His second class saw the Buffs sign 13 again from California, his 2015 class finished 69th (nice) and signed another seven from the Golden State, 2016 they signed five from California but also a combined six from the Southeast, and finished off 2017 with the 35th overall class and 11 from California and eight from Texas.

Now, I’m not saying Mac is gonna have dudes jet-setting from Cali all of a sudden, but he has shown the ability to recruit from hot beds like California, Texas, and the Southeast despite limitations.

Oh, did I mention he recruited Patrick Willis to Ole Miss? That may not be a bad thing to mention to five-star Nakobe Dean if you ask me.

He has NFL connections with a Hall of Famer.

After helping the Ole Miss defense finish 5th in total defense in 2001, MacIntyre took a gig in the NFL on Bill Parcells’ staff in Dallas. Mac coached defensive backs for Big Tuna in Dallas and in New York when he coached the Jets.

In Dallas, he mentored five-time Pro Bowler Roy Willams and helped the Cowboys make a return to the playoffs. In his three seasons with Parcells and the Cowboys, his unit snagged 59(!) interceptions.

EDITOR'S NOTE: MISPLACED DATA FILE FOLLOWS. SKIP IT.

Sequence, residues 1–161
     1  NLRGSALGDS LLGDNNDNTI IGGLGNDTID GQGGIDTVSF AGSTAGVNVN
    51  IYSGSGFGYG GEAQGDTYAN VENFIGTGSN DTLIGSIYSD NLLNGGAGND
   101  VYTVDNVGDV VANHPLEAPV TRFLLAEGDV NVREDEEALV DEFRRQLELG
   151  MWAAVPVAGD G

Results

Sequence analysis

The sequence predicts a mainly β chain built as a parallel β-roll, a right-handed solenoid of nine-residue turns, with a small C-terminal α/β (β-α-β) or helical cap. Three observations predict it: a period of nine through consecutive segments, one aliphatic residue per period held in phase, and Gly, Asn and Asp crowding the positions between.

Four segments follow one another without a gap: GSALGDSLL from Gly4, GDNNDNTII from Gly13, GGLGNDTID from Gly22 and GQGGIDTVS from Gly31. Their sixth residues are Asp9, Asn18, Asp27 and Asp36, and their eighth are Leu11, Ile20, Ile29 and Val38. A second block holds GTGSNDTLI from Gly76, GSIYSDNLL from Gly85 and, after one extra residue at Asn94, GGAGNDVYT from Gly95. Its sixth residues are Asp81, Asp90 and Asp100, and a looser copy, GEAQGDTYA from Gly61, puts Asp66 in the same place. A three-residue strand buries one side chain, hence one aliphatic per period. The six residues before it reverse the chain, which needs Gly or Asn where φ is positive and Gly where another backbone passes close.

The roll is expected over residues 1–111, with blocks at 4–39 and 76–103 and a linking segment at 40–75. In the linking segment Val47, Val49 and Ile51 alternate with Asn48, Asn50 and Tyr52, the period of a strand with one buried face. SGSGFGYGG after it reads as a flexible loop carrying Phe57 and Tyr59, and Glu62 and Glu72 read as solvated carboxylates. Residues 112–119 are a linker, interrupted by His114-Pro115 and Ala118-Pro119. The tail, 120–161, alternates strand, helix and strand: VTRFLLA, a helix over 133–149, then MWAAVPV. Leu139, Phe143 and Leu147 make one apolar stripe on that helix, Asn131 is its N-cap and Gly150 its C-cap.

He left Parcells and went to New York where his Jets’ unit included Darrelle Revis (17 PD, 3 INT) and Kerry Rhodes (10 PD, 5 INT).

It’s only fitting to bring up NFL ties on the heels of talking about recruiting. It’s obviously the main goal for elite talent these days and Mike will be able to go into living rooms and talk about his experiences during his four years in the league.


It won’t be an instantaneous fix mind you, but Mike MacIntyre is a former Power 5 head coach with 26 years of experience that will now be on the sideline next to Matt Luke, in meeting rooms, and on the recruiting trail. That is the biggest key here. The Rebels now have two former head coaches on staff (Jack Bicknell) that will hopefully continue to help Luke progress as a program CEO.

He may not be the big, flashy young gun that everyone wanted, but if he is a consolation prize then it is a good one.

2019 just got interesting.